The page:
Xeni Jardin @ Boing Boing
Jon Stewart's Crossfire appearance on bittorrent

BoingBoing reader bryan says, "Jon Stewart blasted the hosts on CNN's Crossfire for hurting the democratic process instead of helping. He also calls Tucker Carlson a dick. Bittorrent: Link, and transcript here.

BoingBoing reader Hal points us to Salon's coverage (Link), and describes the interview/buttkicking alternately: "Tucker Carlson gets his ass handed to him on a platter -- without falafel to sweeten the taste."

Here's an alternate BitTorrent link: Link. (Thanks, yatta)

Crossfire is an a nonconstructive form of "talk show" and represented the divisive and shallow television media news and politics of today. I'm glad Jon Stewart had the guts to point this out and call them on it. Yay Jon! And yay for Bittorrent too!

23 Comments

I just posted about this as well (http://www.tallent.us/blog/CommentView.aspx?guid=d1c8dfdb-f211-4afa-b3af-dd957726e6c2), and linked to the transcript (for the broadband-impaired) and another transcript of Jon beating up on CNN on another of their own shows awhile back.

BTW, the book ("America: The Book") definitely has its funny spots as well, I picked up a copy a few weeks ago.

Thanks for posting the link to the video archive. CNN is stupid not to do this themselves. And what a great segment.

He's tired of "journalists" acting as agents for one side or another. Go Jon. Tucker Carlson issued a funny zinger the other day, though. "Listening to Bush talk is like watching a drunk man cross an icy street."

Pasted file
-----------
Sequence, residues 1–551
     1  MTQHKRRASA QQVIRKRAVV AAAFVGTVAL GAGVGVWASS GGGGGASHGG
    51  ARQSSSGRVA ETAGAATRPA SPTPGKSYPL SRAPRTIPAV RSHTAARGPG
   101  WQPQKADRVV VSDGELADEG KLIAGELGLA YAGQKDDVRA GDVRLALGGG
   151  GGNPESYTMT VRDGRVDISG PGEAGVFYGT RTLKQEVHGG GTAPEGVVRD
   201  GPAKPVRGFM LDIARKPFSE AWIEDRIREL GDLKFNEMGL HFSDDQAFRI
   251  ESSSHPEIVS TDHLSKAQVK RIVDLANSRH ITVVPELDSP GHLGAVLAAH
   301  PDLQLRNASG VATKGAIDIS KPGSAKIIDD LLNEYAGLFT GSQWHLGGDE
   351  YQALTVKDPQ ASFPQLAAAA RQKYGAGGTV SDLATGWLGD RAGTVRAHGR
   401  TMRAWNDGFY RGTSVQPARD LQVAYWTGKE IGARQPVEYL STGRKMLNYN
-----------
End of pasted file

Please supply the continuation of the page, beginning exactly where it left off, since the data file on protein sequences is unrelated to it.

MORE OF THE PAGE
Crossfire used to be one of the most important political shows on cable, before they cut it down to 30 minutes. Now there's no time for anything but a shouting match of talking points. They even have a timer that rings after 30 seconds to cut people off. I think they should take back their 30 minutes from Judy Woodruff and resume the 60 min format. Stewart says the problem with Crossfire is that they argue dishonestly. He misidentifies the problem, the trouble is Novak and Carlson, not the show's format.

I can't believe everyone is fawning over Stewart's little outburst. He's done this before, like on the Wolf Blitzer show, it's his shtick. Stewart is a publicity whore, he's not beneath taking cheap shots if it will create a buzz. He sold a lot of books from his Crossfire appearance even though he didn't mention his new book directly.

I can't believe everyone is fawning over Stewart's little outburst.

I don't think people are fawning. It's called catharsis.